The third stage is "preparation," during which people resolve to change and begin to experiment with small changes. Ambivalence decreases and confidence grows. Others can assist with planning, defining viable methods, setting dates for specific actions, and encouraging others to connect with sources of personal support.

"Action," the next phase, usually lasts about six months. During this period, people are vulnerable to "relapse," or returning to their old habits as they encounter frustrations. Dedicated activists can be helpful by offering congratulations or other positive reinforcement, including small celebrations. Encouraging people to verbalize their new sense of satisfaction can help reinforce their will to push on.

After adopting their new life-style for six months or more, people typically enter the "maintenance" stage with solid confidence in their new direction. They rarely return to their old behavior and recover from occasional "slips" by understanding the causes. Others can assist by continuing to be supportive. Particularly helpful are brainstorming together on new goals and discussing how people can use positive "self-talk" to cope with disappointments.

In the professional literature, "termination" is the final stage, at which point people no longer feel tempted to revert to their old habits and are fully at home with their new self-image. Their friends and fellow activists should take nothing for granted, however. Encouraging one another to reaffirm decisions and celebrate accomplishments is still important. Comparing notes on challenges and ideas about how to deal with them can be a source of support.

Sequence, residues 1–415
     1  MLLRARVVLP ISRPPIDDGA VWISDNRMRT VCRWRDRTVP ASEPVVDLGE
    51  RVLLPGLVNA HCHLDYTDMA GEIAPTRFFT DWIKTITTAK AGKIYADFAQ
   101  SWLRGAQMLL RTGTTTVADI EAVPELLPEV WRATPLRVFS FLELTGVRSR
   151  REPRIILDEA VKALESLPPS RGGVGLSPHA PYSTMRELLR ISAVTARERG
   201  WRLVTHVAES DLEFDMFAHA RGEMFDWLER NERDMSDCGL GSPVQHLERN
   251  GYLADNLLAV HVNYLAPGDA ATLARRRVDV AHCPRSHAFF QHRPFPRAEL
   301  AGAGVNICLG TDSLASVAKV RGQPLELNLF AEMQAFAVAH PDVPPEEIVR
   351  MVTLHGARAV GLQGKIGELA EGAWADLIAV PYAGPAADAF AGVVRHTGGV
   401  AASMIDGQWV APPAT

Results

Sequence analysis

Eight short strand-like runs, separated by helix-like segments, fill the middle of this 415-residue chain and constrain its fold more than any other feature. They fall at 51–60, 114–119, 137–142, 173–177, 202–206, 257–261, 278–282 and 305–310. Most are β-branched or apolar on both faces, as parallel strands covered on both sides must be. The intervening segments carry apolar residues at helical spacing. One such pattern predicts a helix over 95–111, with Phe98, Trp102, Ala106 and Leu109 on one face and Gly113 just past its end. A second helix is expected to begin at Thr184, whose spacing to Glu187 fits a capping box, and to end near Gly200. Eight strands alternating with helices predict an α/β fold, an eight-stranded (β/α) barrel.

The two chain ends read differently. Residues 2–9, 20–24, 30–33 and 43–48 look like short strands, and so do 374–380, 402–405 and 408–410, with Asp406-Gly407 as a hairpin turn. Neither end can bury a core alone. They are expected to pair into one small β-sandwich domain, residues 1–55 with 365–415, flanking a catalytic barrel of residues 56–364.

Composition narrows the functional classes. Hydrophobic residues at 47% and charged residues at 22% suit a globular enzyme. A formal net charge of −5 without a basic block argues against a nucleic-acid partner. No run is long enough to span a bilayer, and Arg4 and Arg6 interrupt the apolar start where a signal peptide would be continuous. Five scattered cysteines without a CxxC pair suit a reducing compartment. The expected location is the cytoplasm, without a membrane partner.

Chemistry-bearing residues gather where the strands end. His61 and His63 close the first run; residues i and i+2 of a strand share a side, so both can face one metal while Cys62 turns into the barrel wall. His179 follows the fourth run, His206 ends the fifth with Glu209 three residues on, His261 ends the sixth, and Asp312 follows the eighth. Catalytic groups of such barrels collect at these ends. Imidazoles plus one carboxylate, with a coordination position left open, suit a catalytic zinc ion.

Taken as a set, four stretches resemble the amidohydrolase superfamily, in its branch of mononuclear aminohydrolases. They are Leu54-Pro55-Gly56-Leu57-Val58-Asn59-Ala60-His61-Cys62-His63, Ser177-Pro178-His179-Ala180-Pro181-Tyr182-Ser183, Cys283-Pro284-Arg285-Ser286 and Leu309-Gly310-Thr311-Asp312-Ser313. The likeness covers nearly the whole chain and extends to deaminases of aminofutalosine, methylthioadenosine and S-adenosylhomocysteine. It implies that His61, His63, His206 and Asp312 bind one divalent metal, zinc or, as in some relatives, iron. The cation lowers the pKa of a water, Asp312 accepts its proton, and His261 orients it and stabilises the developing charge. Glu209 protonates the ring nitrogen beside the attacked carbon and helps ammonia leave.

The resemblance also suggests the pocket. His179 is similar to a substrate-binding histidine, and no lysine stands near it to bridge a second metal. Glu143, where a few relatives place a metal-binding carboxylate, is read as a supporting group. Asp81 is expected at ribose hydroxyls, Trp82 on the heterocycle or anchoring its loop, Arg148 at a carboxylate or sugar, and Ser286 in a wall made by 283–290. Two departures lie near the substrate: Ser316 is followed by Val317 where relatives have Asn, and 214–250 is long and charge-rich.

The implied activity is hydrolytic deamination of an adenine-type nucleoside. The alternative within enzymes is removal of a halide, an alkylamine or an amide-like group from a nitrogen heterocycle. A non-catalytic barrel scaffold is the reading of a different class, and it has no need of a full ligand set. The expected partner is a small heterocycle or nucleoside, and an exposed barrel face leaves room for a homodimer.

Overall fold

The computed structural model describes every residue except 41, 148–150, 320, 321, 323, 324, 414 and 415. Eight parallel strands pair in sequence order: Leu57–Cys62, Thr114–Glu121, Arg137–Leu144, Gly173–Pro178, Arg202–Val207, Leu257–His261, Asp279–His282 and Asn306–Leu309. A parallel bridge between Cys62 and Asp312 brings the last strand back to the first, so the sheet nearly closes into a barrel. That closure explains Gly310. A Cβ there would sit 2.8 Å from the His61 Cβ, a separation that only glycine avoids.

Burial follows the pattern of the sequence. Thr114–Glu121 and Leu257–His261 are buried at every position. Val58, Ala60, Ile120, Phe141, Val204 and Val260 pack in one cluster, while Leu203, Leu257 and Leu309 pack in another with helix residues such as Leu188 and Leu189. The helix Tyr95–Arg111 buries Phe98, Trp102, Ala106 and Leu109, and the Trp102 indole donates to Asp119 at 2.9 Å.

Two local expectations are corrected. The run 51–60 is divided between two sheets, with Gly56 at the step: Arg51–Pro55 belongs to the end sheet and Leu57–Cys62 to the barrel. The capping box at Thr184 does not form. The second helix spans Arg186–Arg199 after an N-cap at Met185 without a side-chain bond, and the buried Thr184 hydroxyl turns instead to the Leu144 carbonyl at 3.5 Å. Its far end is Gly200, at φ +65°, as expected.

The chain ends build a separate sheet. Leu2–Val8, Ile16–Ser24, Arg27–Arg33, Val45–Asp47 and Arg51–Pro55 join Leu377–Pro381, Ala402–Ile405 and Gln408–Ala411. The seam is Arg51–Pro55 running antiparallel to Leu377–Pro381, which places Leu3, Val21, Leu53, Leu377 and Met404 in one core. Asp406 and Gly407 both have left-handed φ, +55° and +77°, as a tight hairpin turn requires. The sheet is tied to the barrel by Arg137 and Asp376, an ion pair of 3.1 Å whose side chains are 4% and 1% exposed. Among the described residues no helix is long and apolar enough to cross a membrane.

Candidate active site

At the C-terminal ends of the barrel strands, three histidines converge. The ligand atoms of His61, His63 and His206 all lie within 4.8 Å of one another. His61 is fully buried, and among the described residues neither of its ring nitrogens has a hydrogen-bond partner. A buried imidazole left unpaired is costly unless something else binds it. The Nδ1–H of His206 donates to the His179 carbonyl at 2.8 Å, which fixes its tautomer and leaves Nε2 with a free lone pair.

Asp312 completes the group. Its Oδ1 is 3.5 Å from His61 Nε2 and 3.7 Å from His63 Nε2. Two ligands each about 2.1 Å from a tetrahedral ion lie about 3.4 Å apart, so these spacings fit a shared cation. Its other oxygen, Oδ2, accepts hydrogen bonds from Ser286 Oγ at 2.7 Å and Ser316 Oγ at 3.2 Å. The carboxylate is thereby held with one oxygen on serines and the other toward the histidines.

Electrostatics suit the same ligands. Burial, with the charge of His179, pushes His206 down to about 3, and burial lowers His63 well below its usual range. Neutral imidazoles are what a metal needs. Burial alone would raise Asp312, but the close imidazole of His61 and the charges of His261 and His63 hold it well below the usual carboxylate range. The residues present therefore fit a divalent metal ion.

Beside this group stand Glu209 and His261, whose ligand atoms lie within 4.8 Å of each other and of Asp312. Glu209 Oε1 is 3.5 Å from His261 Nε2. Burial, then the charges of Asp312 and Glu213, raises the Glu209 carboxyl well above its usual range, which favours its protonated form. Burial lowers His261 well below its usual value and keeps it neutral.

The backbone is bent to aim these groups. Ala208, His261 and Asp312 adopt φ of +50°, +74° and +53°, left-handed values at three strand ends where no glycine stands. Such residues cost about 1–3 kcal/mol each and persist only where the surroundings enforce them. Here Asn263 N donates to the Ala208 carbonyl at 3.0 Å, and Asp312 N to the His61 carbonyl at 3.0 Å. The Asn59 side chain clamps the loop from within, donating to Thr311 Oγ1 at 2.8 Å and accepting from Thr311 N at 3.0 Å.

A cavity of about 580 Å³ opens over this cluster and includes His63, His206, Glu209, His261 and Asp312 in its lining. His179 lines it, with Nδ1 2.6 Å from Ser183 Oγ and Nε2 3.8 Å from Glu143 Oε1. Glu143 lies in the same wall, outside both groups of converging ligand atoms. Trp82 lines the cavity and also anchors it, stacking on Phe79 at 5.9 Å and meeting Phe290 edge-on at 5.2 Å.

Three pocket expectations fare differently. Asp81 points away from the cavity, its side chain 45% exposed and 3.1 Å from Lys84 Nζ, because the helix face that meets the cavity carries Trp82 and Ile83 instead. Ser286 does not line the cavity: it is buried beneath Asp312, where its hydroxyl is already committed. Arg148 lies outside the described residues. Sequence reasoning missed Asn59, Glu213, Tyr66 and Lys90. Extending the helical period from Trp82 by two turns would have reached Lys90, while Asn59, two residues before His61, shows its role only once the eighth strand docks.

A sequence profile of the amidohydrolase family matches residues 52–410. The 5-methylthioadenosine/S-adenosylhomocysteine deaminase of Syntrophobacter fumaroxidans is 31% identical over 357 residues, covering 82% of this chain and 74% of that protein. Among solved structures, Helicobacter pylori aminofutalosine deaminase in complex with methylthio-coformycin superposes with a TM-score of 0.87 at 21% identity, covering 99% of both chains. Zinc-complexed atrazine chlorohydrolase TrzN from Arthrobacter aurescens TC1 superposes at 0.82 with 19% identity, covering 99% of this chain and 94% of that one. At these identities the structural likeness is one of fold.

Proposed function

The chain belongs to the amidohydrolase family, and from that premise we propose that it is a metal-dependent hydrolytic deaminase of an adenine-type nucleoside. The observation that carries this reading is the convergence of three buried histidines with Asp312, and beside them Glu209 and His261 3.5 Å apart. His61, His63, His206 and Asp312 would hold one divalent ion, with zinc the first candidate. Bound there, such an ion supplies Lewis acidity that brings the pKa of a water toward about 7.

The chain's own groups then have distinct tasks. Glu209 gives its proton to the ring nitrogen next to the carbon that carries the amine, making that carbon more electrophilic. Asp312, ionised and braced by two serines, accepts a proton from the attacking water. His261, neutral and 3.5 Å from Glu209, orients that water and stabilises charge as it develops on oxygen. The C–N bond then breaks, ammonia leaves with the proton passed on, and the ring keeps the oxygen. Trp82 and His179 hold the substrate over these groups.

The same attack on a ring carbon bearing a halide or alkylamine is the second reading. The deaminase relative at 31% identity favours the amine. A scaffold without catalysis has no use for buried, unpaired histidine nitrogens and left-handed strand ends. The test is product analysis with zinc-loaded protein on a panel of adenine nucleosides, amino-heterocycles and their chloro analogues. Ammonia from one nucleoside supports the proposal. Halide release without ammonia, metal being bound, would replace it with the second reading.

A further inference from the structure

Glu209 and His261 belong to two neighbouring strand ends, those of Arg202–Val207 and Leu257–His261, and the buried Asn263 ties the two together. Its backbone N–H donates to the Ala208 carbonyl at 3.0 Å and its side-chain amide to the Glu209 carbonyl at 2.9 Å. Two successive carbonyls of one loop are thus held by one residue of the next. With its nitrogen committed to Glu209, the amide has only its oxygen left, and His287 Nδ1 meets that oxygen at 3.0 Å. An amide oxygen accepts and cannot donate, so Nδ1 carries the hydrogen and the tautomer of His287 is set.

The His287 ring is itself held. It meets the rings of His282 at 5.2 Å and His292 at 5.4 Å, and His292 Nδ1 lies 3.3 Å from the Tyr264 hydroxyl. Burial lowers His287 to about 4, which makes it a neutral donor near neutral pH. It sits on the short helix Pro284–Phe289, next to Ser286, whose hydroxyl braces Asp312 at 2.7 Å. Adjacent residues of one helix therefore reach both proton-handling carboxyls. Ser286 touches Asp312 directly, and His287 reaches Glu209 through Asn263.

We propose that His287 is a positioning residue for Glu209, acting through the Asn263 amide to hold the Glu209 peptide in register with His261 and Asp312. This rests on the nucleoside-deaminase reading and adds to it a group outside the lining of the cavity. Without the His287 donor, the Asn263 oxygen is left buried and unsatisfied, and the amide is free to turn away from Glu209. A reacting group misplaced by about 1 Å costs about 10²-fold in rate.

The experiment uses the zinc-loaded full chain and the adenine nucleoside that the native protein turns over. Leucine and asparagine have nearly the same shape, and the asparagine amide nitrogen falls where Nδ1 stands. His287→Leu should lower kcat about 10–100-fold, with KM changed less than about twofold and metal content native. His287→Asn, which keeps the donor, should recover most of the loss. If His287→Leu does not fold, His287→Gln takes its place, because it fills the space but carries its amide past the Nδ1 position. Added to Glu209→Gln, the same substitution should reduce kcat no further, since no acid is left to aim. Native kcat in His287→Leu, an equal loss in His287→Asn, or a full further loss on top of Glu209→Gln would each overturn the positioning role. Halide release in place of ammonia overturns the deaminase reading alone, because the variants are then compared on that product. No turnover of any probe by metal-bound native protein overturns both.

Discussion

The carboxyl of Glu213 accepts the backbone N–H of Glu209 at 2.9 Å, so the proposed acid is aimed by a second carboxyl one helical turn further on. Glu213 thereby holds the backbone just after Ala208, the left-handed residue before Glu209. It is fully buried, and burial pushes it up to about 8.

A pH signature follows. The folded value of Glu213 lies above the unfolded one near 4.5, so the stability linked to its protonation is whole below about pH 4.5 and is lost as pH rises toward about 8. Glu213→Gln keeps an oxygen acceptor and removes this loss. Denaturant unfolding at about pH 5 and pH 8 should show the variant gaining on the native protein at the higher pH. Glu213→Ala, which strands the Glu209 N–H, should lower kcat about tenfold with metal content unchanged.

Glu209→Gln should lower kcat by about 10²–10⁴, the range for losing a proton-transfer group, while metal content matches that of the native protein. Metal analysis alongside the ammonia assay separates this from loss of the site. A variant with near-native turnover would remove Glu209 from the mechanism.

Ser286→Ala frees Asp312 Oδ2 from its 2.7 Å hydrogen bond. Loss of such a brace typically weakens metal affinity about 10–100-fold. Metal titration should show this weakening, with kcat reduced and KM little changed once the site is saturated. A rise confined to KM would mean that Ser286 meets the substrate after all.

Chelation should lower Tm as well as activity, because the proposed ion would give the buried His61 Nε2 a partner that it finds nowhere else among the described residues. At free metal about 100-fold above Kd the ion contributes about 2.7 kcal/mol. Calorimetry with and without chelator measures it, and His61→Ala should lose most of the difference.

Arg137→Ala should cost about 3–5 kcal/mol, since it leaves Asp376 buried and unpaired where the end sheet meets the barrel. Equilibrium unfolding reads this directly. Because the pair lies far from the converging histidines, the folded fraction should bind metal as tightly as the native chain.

Forrest said that when trying to change another's political beliefs or actions, one should first ask questions and listen carefully in order to determine that person's position on the change continuum. Then one can match interventions to the other's position. Reluctance to change or outright resistance is likely if one's method is out of sync with the other's stage of change. But well-timed assistance can facilitate moving from one stage to the next. Forrest emphasized that it usually takes considerable time for a person to move all the way from pre-contemplation to action.

During the workshop, participants offered many tips concerning how to interact with potential recruits. Let people know they've been heard. Keep your voice calm. Tread softly when people are close to admitting a mistake. Identify common ground and shared goals. Explore how certain methods can be counter-productive. Validate others' feelings. Tell stories that let the other person know that they're not alone.

Forrest acknowledged that many people feel squeamish about being so calculating. But she insisted that her recommended methods have been found to be effective. If used honestly, they are an ethical way to foster change.

Wade Hudson ( is editor of Toward Peace.